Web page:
The savage acts of terrorism in Oslo last week shocked people of good will and conscience around the world. The deadliness of the attacks — 77 people, many of them youths, were killed during a calculated, merciless shooting rampage and a bombing near the government’s headquarters — and the cruelty behind them make it difficult to set aside emotion and consider their significance. Yet when studying the apparent motivations, as expressed by confessed perpetrator Anders Behring Breivik, a crucial point emerges.
Europe and the United States have been no strangers to violence motivated by anti-Islamic sentiments over the past decade. Muslims have been assaulted and killed, their mosques and institutions damaged and destroyed. Yet the majority of the attacks have fallen into only a few categories:
• Hate crimes typically motivated by culturally or religiously based anti-Islamic prejudice.
• Acts of retaliatory or reactionary violence.
• Violence by white supremacists, who usually hate the race and religion of the majority of Muslims.
For example, this month Texas executed a white supremacist, Mark Anthony Stroman, who in 2001 targeted and fatally shot convenience store clerks of perceived Middle Eastern appearance in “retaliation” for the Sept. 11 attacks.
The attacks in Norway seem to stem from a different source. They are the first to emerge from a relatively new, specifically anti-Islamic ideology that moves beyond religious or racial prejudices to incorporate anti-Islamic sentiment as the focal point of a larger worldview.
Growing numbers of people in Europe and the United States subscribe to this belief system; in some instances it borders on hysteria. Adherents of this ideological Islamophobia view Islam as an existential threat to the world, especially to the “West.”
Moreover, they believe that leaders and governments in the Western world are consciously or unconsciously collaborating to allow Islam to “infiltrate” and eventually conquer democratic societies.
Left-wing “multiculturalist” sentiments tear down traditional European culture, they argue, allowing Muslim immigrants to replace it with “their own” culture and values. The result, they claim, will be the demographic, cultural and, eventually, political suicide of the West — unless action is taken to stop it.
These ideas are no longer geographically isolated. The Oslo perpetrator in his manifesto quoted extensively from the writings of European and American bloggers — including Robert Spencer and Pamela Geller — who promote a conspiratorial anti-Muslim agenda under the pretext of fighting radical Islam. Because of the reach of the Internet, these ideas float freely across borders and are reinforced by like-minded bigots.
This belief system goes far beyond anti-Islamic prejudice based on simple religious or racial grounds. In a sense, it parallels the creation of an ideological — and far more deadly — form of anti-Semitism in the late 19th and early 20th centuries on the backs of the previously dominant cultural and religious forms of anti-Semitism.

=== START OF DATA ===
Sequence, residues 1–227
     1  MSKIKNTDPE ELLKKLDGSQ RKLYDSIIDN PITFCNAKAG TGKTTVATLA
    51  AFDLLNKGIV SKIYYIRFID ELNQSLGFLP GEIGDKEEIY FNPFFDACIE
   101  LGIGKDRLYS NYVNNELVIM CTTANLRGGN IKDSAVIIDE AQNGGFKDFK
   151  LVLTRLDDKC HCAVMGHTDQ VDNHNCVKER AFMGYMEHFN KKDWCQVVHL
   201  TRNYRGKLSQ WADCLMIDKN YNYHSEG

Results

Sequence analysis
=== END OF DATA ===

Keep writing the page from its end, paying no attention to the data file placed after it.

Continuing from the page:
The presence of this new ideological form of anti-Islamism is clear in the Norway attacks. The perpetrator, though motivated by anti-Islamic sentiments, did not attack or kill Muslims. Rather, he reserved his extreme actions for those “traitors” whom he believed to be collaborating with and allowing Muslims to take over Norway (and Europe). He chose targets related to the Labor Party, the alleged “multicultural Marxists” who dominated his thoughts.
Breivik’s acts are so far the only major incidents like this. Perhaps they will remain unique. His thinking, however, is certainly not. Thanks to his carefully sourced manifesto, we can identify many of his intellectual influences, and they are prominent on both sides of the Atlantic. And many people hold views similar to Breivik’s. In the United States, we have seen frequent manifestations of this ideology, including the eager promotion by anti-Islamic zealots of a growing conspiracy theory about “creeping Sharia law.”
One bizarre twist to Breivik’s warped worldview was his pro-Zionism — his strongly expressed support for the state of Israel. It is a reminder that we must always be wary of those whose love for the Jewish people is born out of hatred of Muslims or Arabs.
The obvious danger to Americans and Europeans is that as this movement grows and solidifies, more people may become motivated to violence by this hateful ideology.
In America, the polarization, vitriol and fear engendered by anti-Islamic activists must be replaced by reasoned and civil debate. We must rally the voices of reason to overcome the voices of intolerance before it is too late.
Abraham Foxman is national director of the Anti-Defamation League. This column first appeared in The Washington Post.